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>> items = [:potion, :food, :food, :weapon, :potion]
=> [:potion, :food, :food, :weapon, :potion]
>> items.count(:potion)
=> 2
>> items.count(:food)
=> 2

So imagine if you were writing a game, and showing stats for things in your bag you could do something like this. The last one takes a block.

cycle

cycle(n=nil) {|obj| block } → nil 
cycle(n=nil) → an_enumerator

Cycle will iterate through an array going through each item n times or forever

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>> levels = [:one, :two, :three, :four, :five]
>> levels.cycle(2) { |level| puts "level #{level}" }
level one
level two
level three
level four
level five
level one
level two
level three
level four
level five

This cycles through the array 2 times. Hmm that makes me wonder if I can use this as sort of a state machine?

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>> status = [:draft, :review, :publish]
=> [:draft, :review, :publish]
>> status.cycle(1)
=> #<Enumerator: [:draft, :review, :publish]:cycle(1)>
>> states = status.cycle(1)
=> #<Enumerator: [:draft, :review, :publish]:cycle(1)>
>> states.next
=> :draft
>> states.next
=> :review
>> states.next
=> :publish
>> states.next
StopIteration: iteration reached an end
         from (irb):62:in `next'
        from (irb):62
        from /Users/nolastowe/.rvm/rubies/ruby-1.9.3-p392/bin/irb:16:in `<main>'

Hmm interesting. Well maybe needs some work. :) Next is a method for dealing with loops… not sure if its great to be using with cycle, its just something that came to my head when I was playing around.

This is enough for now, next blog post will start with delete.

Exploring Arrays - Part 3

Continuing going through the array methods, using Ruby 1.9.3

Element Reference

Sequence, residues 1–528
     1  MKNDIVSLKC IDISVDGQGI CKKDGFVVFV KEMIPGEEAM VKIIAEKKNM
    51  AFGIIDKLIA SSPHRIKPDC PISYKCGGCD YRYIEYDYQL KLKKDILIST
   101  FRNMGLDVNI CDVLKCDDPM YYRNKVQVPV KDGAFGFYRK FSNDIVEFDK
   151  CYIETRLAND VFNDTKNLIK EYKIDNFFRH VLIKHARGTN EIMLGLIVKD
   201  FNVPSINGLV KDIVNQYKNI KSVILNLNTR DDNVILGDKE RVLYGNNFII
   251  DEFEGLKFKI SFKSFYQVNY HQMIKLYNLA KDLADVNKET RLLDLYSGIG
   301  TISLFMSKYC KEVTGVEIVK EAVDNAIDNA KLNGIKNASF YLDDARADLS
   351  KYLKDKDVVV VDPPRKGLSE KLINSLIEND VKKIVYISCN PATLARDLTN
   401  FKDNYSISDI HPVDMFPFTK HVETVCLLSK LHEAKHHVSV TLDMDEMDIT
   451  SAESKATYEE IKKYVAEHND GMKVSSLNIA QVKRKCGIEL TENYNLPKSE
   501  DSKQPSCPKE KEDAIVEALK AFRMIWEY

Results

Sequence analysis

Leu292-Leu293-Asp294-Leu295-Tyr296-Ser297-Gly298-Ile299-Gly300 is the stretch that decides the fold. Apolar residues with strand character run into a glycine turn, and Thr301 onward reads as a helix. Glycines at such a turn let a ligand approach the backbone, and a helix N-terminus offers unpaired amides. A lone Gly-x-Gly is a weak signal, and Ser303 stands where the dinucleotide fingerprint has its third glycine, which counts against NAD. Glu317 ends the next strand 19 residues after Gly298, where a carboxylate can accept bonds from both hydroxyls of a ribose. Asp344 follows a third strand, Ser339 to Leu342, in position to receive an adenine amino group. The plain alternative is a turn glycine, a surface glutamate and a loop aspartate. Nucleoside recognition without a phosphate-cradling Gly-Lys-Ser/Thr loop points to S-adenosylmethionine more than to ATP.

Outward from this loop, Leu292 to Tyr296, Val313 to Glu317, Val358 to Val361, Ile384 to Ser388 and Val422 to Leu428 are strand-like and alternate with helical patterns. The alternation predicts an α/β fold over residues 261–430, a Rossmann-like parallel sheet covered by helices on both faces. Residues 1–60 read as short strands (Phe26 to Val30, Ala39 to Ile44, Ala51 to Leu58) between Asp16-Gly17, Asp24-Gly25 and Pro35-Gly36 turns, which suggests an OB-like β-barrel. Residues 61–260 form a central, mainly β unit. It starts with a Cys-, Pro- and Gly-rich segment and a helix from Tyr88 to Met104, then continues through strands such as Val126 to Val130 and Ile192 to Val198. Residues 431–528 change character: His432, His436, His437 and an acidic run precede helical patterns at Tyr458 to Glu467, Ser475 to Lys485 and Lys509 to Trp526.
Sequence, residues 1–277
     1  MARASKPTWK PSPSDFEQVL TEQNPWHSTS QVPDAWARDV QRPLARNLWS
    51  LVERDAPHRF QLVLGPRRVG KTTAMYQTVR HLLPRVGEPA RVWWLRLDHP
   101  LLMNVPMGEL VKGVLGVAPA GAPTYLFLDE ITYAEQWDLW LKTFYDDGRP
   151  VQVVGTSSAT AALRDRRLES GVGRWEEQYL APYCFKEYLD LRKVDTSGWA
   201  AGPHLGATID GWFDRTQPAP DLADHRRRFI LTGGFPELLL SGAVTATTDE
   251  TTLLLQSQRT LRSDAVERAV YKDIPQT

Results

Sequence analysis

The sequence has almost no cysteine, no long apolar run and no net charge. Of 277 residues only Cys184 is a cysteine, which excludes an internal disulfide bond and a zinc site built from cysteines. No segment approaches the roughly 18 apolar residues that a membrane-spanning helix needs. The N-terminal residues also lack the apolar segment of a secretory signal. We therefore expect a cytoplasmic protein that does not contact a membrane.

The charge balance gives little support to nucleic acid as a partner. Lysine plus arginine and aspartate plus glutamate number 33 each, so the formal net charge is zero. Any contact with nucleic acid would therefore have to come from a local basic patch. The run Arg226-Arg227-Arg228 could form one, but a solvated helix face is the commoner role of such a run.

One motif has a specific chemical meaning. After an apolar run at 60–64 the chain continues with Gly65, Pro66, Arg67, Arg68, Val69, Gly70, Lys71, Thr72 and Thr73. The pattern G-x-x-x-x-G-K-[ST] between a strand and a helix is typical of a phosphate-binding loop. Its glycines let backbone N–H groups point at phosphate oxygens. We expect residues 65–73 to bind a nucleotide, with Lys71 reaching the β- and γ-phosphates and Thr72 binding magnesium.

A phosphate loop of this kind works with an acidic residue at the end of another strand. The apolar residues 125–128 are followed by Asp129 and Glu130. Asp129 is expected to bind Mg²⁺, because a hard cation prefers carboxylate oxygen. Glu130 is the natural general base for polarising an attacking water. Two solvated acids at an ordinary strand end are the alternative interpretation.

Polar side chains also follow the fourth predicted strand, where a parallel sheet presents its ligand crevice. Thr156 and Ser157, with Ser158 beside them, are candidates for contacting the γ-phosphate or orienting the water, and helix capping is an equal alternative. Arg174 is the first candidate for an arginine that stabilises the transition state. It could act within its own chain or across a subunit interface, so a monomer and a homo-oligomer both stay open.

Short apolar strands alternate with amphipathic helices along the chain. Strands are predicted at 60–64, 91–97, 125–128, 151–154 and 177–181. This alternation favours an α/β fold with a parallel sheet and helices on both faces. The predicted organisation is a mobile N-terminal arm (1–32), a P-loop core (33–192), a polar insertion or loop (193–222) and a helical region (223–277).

ary[index] → obj or nil

ary[start, length] → new_ary or nil

ary[range] → new_ary or nil

slice(index) → obj or nil

slice(start, length) → new_ary or nil

slice(range) → new_ary or nil

Ok, so we’ve got the “normal” way to access an array element, simply using the name of the array, [ index ]. If item is not found at index it returns nil.

Then we have passing a start index and a length. A friend was working on rubykoans.com had question I couldn’t answer - Why is ary[4,0] an empty array and not nil?

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>> ary = %w(one two three four)
=> ["one", "two", "three", "four"]
>> ary[0,0]    #expected
=> []
>> ary.index(ary.last)    # index of last item is 3
=> 3
>> ary[4,0]    # not expected, no index of 4 exists ?? why return empty array 
=> []
>> ary[5,0]    # expected, no index of 5
=> nil

The docs say

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Returns nil if the index (or starting index) are out of range.

So yes, thats very confusing… why is it returning an empty array for last_index+1 of the array??

Moving on .. Passing a range is another way to access elements

I tried accessing an index greater than the end and it works as expected

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>> ary[0..3]                        # all the elements
=> ["one", "two", "three", "four"]
>> ary[1..2]                        # just index 1 and 2
=> ["two", "three"]
>> ary[1..5]                        # accessing off the end of array